From the Pit

There's a pain I've seen, so harsh that neither trite answers nor pointed questions give it the dignity it deserves.

I saw it again Tuesday morning. A live report from two Virginia journalists, so ordinary you don't acknowledge it until it's interrupted. I don't know if you've seen the video, and I'm not sure if you ever would. They were shot and killed, captured by two cameras.

There are layers to this that run deep in America's consciousness. The shooter was a black man, stoked by racial slurs from former coworkers and set aflame by the Charleston shootings. Then there's the gun control talk. Then the very possibility that I can now stumble on Twitter any given morning-- bedhead and coffee in hand--and watch tragedy unfold.

My mind was immediately flooded with questions and answers.

Answer: We can't perpetuate lies through this. If he was white, that doesn't automatically mean it's righteous anger. If he's black, that doesn't mean it's wicked anger.

Question: How do you actually solve the gun control problem? Can't almost anybody motivated enough put on appearances to get a gun?

Answer: New York Daily News simply can't run a cover page that dumb.

So on.

And then I remembered: there's a pit in our life where questions and answers simply can't go. You'll stare right at it the next time you're confronted with death. You feel this momentary numbness. Your mouth shuts up. Everything slows. Most times, it's only five seconds before our minds begin running around again.

We say all kinds of stupid things after that. Some of it's valid, don't get me wrong: we can't give up on practical hope. Some of it really is stupid: we all know the person-- family, friend, acquainance-- who we fear wouldn't waste ten seconds before depositing religious nonsense from bankrupt worldviews.

But all of it's just words. Words that distract us from the embarrassment. Deep down, we aren't afraid of death: we're ashamed of it. It's not just inconvenient. It's beneath our dignity. It throws all of us in a pit at different points and to varying degrees.

Death is distaste, gathering in your tongue when you see the man with nubs for feet, sitting on a skateboard off Hennepin & Lyndale with flimsy cardboard asking for any help at all.

Death is the murderous shouts off West 15th in the heat of day, the anguish we feel when we know we're powerless to stop the powers at hand.

Death is the first time you realize you can't get home with Google maps. It's when you have all the maps and means but grip for the first time that you'll always lay your head somewhere east of Eden.

Death involves dying, but dying isn't death. That's because death is everywhere, restlessly at work in the living and the dead, the angry and the anguished, the terminally ill and the terminally selfish. Death is the pit we sometime stare into, and it's the pit we wish others would climb into with us.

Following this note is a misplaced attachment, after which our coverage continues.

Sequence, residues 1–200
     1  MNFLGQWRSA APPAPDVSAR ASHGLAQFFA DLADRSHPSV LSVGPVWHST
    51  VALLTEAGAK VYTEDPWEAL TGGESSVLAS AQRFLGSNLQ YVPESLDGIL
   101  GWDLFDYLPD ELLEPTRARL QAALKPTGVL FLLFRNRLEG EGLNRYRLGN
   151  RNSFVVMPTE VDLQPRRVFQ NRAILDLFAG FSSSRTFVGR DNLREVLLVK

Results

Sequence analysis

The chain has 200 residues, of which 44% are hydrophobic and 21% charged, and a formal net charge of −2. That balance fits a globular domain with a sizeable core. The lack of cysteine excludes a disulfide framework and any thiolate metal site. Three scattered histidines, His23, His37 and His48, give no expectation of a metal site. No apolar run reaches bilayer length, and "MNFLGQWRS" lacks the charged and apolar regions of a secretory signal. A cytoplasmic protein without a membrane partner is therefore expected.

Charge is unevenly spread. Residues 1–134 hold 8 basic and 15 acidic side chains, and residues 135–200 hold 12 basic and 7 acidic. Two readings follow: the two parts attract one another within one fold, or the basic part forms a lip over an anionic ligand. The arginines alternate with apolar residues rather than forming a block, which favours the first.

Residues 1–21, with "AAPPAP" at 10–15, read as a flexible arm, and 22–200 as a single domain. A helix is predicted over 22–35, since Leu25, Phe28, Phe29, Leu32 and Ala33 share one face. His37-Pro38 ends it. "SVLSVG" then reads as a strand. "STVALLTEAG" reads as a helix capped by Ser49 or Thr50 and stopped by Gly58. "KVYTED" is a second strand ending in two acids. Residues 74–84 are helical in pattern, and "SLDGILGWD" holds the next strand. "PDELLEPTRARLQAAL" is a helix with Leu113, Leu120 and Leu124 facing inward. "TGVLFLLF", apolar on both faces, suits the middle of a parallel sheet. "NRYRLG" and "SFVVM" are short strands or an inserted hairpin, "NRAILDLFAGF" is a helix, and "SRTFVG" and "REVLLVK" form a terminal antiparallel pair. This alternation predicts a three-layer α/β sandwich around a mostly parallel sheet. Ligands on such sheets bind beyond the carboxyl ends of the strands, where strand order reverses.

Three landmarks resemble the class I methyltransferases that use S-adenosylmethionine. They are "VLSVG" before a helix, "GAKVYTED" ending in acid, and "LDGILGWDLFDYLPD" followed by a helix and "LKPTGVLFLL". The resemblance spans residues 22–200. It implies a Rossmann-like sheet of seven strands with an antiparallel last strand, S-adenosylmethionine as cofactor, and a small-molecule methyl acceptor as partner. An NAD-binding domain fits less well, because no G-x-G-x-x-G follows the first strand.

My friend Tim recently told me that sympathy is like looking down at the pit and telling people it must really suck being in that pit. Empathy is climbing in the pit with them. He added that you don't have to share the identical experience to empathize. You just have to reach down, find a similar experience, and meet them with a compassion that'll often calmly tell both questions and answers to f**k off.

(OK, so that last part was my addition.)

The more I grow up, the more I'm convinced that empathy isn't just some nice thing that certain people do. Empathy is human preservative. It's free medicine for a society that likes theirs twice a day and in orange bottles. It keeps me from being a really lame center of the universe. It also keeps me from saying really dumb things to suffering people to ease my discomfort.

But more importantly, it keeps us truly human. That's because it involves us climbing into the pit with those different from us, and subsequently asking others to climb in the pits where only empathy can go.

So I don't know what it's like to be the slain reporter's fiancee, who watched from the TV station as she was shot point blank. But I can summon up the times in my life where I've been powerless to help someone I love waste away. I can see my mom diagnosed with lupus, and with it, a slew of other conditions. I can feel the ache of having only the power to witness something ugly. And for it, I sit in the pit with Chris Hurst, and I weep.

I don't know what it was like to be Vester Flanagan, who felt marginalized by racial slurs and unjust prejudices. And as a white Christian man, I can hardly drum up a similar experience. But I try to feel the loneliness I felt as an introvert at my college's orientation a few years ago, how it seemed like they didn't give introverts like me a passing glance when they drew up the script. How they expected me to enjoy things I never will if I was going to be on the inside of things.

And then I try to multiply it as much as I can. His actions are still frightening, but the feelings aren't. They are common experiences in my otherwise different life. Suddenly, I'm in the pit with a dead man. My fears, my questions, my solutions: they're all secondary.

Any good hope won't come to us with words, but with the presence of others. If at first I can find the courage to climb into the pit and stare you and your suffering in the eye, maybe we'll wake each other up to our deepest intution: that life was the first word spoken and death won't be the last.



photo credit.

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